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  • Consequences of contact: Language ideologies and sociocultural transformations in Pacific societies
  • Niko Besnier
Consequences of contact: Language ideologies and sociocultural transformations in Pacific societies. Ed. by Miki Makihara and Bambi B. Schieffelin. Oxford: Oxford University Press, 2007. Pp. ix, 234. ISBN 9780195324983. $34.99.

For most linguists, the term 'contact' invokes in the first instance a meeting of linguistic codes, resulting in borrowing, calquing, and mixing, or the emergence of simplified codes, code attrition, and language endangerment. When faced with the same term, in contrast, social and cultural anthropologists think primarily of colonialism, missionization, labor migration, tourism, the spread of capitalism, the rise of the nation-state, and the spread of formal schooling. The contributors to this volume explore the 'contact zone' between these two interpretations of contact through ethnographically informed analyses of various situations in the world's linguistically most diverse area, the Pacific Islands. The late Tongan intellectual Epeli Hau'ofa famously characterized the region as a 'sea of islands' (1994), namely island societies connected to one another across water, rather than a vast ocean dotted with small isolated clusters of human population. [End Page 234] Contributors to this volume engage seriously with this idea, as they present contact situations not as a dyadic encounter, but as the coming together of multiple parties, some local in a strict way, others local in a more general way, and still others from elsewhere altogether.

Focusing in particular on agents of change, ranging from colonial officials to Bible translators, teachers, spirit mediums, return migrants, tour guides, and activists in indigeneity politics, the authors analyze contact situations through the lens of linguistic ideologies, seeking connections between ideologies about language and the structural encoding of ideology in language. The linguistic-ideology analytic paradigm, which emerged in linguistic anthropology in the 1980s, offers an attractive set of tools for the exploration of the continuities between linguistic structures and the social, political, and historical contexts of communicative practices. What people think about language is often about much more than language: it is about belonging and otherness, the place of the self in the social order (or disorder), conceptions of knowledge and truth, and the world at large.

Not surprisingly, colonialism and postcolonialism are prominent concerns for several contributors. CHRISTINE JOURDAN's chapter, 'Linguistic paths to urban self in postcolonial Solomon Islands' (30–48), traces the change from a precolonial Solomon Islands linguistic market, in which reciprocal multilingualism among local varieties of equal status prevailed, to that of the colonial era, characterized by linguistic hegemony and hierarchy, to the postindependence present moment, in which multiple codes overlap and compete. The code profusion of the contemporary market indexes new social relations, differentiating urban folk from their rural relatives, women from men, and middle-class people from working-class people. MIKI MAKIHARA's analysis of 'Linguistic purism in Rapa Nui political discourse' (49–69) focuses on the rise, in the 1990s, of indigeneity politics on Rapa Nui (Easter Island) after a century of colonial browbeating under the control of Chilean authorities. Accompanying this politics is a new prescriptivism about the indigenous language, which some speakers attempt to rid of loan words from Tahitian, Spanish, and English, and now treat as cultural property, alongside land. Politicized islanders employ the purist code when Chilean and other extraneous audiences may be present. In other contexts, they use a syncretic code, replete with borrowings and code-switching.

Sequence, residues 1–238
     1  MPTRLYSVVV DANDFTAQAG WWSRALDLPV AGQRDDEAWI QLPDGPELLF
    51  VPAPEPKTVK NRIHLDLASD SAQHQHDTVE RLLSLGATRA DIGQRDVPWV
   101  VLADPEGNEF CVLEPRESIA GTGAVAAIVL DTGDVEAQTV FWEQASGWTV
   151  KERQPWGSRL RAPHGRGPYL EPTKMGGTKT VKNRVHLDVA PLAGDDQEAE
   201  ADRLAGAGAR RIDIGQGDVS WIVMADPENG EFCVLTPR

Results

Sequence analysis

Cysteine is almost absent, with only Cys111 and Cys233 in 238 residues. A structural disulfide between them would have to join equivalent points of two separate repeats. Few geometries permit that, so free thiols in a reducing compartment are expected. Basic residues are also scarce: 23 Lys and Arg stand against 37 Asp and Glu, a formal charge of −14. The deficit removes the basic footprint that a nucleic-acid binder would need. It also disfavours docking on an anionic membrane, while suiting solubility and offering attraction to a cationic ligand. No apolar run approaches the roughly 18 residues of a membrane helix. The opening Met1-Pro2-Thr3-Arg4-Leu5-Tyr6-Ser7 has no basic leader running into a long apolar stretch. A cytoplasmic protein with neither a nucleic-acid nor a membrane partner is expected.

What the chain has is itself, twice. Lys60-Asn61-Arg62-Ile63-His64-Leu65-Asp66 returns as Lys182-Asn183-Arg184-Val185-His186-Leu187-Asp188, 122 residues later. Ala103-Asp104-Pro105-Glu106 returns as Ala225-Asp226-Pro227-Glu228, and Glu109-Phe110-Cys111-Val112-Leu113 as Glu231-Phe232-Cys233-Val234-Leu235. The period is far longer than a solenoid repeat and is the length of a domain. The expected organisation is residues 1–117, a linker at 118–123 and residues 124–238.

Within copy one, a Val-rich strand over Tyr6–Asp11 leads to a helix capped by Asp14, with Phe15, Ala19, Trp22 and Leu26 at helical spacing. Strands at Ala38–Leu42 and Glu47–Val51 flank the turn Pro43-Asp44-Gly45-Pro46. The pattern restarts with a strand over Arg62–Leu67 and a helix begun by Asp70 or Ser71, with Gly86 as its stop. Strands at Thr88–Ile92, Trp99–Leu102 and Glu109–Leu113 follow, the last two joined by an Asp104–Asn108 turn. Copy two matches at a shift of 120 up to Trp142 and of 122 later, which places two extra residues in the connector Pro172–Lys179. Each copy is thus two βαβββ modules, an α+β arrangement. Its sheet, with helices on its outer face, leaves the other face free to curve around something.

Two chapters add a twist to the analysis of language ideologies in colonial situations. In the Marquesas Islands, part of the Overseas Territory of French Polynesia, the setting of KATHLEEN RILEY's 'To tangle or not to tangle: Shifting language ideologies and the socialization of Charabia in the Marquesas, French Polynesia' (70–95), the colonial language is not only French but also Tahitian, which has been systematically displacing minor languages of the territory as people migrate from outlying island groups to seek employment and education, particularly during the economic boom years of French nuclear testing. Now that this boom is over, labor migrants are returning to their islands of origin, and partly as a result of these returning migrants, the Marquesas have undergone revitalization. At the same...


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